Golden Berry Market Summary
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Golden Berry Market OverviewGolden berries, frequently spelled as one word, are commonly called Cape gooseberries, Chinese lanterns, physalis, husk cherries, ground cherries, Aztec or Incan berries, as well as a plethora of local and indigenous names like poha in Hawaii, aguaymant in Peru, and uchuva in Colombia. In a nod to their ancestry, another name is Pichuberry, referring to Machu Picchu in southern Peru. To bring attention to the berries and encourage U.S. production, the American Pichuberry Association was formed and “Pichuberry” trademarked for members-only use. Endemic to South America and the Andes mountains, there is disagreement on where the berries originated: Brazil or Peru, though their Latin name is Physalis peruviana. The berries were first mentioned in England in the 1700s, then found their way to South Africa. Many attribute the Cape gooseberry name to the Cape of Good Hope, but others say it is due to the husk, which resembles a cape. The berries arrived in Hawaii in 1825 where they continue to be cultivated on the Big Island. Explorers also carried the fruit to ports throughout Australia, Oceania, and Asia, often as a remedy for scurvy. Golden berries are cultivated in South Africa, Australia, New Zealand, and India, as well as Central and South America. South America is the world’s primary supplier, with both Ecuador and Colombia producing the fruit year-round. Colombia continues gaining ground as a leader in both acreage and export tonnage. This petite superfruit belongs to the nightshade family (Solanaceae) like eggplant, potatoes, and tomatoes. Physically, golden berries resemble tomatillos, which also have a papery, protective husk. Characterized by their piquant sweet and tart (acidic) taste, the berries can be eaten fresh or cooked; however, flowers, leaves, and unripe fruit are toxic and should not be consumed.
Types & Varieties of Golden BerriesGolden berries are herbaceous shrubs that typically reach heights of 2 to 3 feet and feature yellow and purple flowers. As their name implies, they produce bright yellow or slightly orangish fruit up to an inch in diameter, encased by a strawcolored calyx when fully mature. Two species of golden berry exist—Physalis peruviana and Physalis grisea. The former grows upright and features citrus-flavored fruit; the latter is a sprawling surface plant and produces fruit that tastes like a combination of pineapple and melons. Cultivars include Golden Nugget, New Sugar Giant, Giallo Grosso, Giant Poha Berry, Golden Nugget, Little Lanterns, Long Aston, Dixon, Garrison’s Pineapple Flavor, New Zealand, Peace, and Yellow Improved.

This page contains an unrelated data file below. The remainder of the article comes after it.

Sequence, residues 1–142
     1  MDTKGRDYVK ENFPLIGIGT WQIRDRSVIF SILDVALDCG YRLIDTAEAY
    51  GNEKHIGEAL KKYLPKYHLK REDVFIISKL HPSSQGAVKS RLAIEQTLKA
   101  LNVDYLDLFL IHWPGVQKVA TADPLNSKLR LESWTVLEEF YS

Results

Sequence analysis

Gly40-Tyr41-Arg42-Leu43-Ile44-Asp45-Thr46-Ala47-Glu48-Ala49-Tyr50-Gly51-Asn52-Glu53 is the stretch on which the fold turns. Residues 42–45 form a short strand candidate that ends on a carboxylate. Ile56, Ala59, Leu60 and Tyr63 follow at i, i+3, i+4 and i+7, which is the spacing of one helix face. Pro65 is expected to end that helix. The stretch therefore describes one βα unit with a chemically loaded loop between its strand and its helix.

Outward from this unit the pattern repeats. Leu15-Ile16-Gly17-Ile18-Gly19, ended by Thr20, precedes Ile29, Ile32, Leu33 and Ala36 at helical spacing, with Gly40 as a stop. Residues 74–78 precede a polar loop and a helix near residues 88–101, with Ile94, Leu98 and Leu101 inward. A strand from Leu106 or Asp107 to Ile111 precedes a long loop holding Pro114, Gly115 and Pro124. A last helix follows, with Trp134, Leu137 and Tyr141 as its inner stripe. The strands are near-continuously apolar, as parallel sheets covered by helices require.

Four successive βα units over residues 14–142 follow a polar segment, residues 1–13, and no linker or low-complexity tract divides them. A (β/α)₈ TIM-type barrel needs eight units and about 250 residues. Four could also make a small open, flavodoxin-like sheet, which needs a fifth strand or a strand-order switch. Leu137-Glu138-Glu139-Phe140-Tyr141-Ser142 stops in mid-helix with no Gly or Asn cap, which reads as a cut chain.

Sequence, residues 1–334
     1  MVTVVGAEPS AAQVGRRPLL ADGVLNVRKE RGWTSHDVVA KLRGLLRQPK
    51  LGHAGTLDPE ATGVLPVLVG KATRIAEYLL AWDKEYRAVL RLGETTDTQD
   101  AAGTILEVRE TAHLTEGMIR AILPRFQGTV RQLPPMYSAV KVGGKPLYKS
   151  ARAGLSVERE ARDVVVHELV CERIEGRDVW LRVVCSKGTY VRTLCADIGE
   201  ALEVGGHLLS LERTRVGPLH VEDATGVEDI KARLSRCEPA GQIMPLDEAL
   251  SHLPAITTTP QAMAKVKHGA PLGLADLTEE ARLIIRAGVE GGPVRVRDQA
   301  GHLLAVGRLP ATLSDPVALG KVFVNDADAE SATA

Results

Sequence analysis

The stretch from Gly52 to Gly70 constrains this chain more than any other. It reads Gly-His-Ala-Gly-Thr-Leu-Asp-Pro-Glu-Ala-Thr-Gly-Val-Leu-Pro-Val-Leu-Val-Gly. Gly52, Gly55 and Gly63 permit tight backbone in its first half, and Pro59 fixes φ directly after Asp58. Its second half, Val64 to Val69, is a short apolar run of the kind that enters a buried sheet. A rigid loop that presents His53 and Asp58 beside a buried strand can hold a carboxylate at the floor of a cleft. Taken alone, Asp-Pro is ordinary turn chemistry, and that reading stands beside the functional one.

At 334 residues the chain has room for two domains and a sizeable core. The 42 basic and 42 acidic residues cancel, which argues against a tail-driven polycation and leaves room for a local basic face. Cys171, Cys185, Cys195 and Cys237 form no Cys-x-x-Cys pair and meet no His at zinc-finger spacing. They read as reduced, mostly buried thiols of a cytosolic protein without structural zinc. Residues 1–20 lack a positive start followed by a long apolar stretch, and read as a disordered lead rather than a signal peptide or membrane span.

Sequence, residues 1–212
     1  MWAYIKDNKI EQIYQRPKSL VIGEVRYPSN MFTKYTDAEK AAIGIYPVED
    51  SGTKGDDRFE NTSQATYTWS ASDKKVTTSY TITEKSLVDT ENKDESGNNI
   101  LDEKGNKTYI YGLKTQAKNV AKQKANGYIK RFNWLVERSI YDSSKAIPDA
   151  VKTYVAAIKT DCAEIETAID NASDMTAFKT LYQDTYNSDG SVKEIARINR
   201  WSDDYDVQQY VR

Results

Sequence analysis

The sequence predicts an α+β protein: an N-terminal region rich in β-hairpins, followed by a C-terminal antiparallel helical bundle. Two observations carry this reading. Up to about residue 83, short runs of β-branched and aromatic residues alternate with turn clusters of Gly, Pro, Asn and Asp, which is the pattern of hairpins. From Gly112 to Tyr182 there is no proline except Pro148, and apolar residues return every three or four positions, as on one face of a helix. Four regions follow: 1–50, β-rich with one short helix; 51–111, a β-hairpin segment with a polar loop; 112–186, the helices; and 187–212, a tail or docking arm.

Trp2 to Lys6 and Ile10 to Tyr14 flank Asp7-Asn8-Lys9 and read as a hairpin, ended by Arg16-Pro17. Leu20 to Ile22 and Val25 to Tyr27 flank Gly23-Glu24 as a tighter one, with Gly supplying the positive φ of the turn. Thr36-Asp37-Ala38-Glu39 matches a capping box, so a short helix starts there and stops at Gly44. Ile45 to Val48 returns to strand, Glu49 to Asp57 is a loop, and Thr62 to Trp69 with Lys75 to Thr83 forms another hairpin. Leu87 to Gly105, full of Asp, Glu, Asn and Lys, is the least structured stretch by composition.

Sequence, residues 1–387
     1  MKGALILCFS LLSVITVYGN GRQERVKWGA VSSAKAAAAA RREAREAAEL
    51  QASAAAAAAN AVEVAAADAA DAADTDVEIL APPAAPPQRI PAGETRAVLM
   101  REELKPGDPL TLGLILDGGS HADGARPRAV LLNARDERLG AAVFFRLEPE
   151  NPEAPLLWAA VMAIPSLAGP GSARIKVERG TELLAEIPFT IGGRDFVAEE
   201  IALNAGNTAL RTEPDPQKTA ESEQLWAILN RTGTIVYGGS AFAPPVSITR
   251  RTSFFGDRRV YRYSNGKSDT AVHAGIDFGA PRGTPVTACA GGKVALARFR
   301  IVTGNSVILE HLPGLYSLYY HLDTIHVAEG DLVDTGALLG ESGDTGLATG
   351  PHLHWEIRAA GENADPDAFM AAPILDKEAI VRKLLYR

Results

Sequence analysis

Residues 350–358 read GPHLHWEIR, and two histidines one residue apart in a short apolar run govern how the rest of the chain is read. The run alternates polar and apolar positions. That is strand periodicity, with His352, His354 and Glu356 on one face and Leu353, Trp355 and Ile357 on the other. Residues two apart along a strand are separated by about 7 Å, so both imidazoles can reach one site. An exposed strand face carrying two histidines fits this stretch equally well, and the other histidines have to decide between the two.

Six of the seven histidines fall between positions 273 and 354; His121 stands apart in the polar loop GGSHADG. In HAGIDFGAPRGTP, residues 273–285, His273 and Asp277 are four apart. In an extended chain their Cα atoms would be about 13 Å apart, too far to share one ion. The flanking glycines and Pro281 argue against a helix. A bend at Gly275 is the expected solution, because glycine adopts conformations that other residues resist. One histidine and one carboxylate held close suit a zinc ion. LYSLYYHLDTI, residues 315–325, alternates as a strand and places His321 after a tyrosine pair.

Cultivation of Golden BerriesThe golden berry can be grown as an annual or perennial depending on climate, and from seeds/plugs or cuttings. Although plants crave full, direct sunlight, they tolerate shade and cooler temperatures. They will also survive winter temperatures, though freezes will cause harm. When cultivated as an annual, planters should wait until the potential for frost passes. Seedlings are also vulnerable to the opposite extreme, high temperatures, so planting during the late afternoon or overcast weather is recommended. Seedlings should also have ample moisture and shade in sunnier climates until set. When too little water is available, plants will go dormant. Shrubs should be in raised rows with trellises or stakes. Plants perform best in sandy to gravelly loam but any well-drained soil with organic matter will suffice. Plants will begin to bear fruit in 100 to 120 days and produce a copious amount of berries—at lower elevations, irrigated plants can produce more than 1,000 small berries per shrub; higher altitude unirrigated plants bear about 300 larger fruits per individual shrub. During harvest, golden berries can be gathered every few days to weeks apart, but not until the calyxes dry and morph from green to a yellow coloration. Peak production in South America tends to be in October and February. Golden berries are often harvested by hand to avoid bruising, though many producers shake the shrubs to detach the husks, sometimes covering the ground in plastic sheets for collection.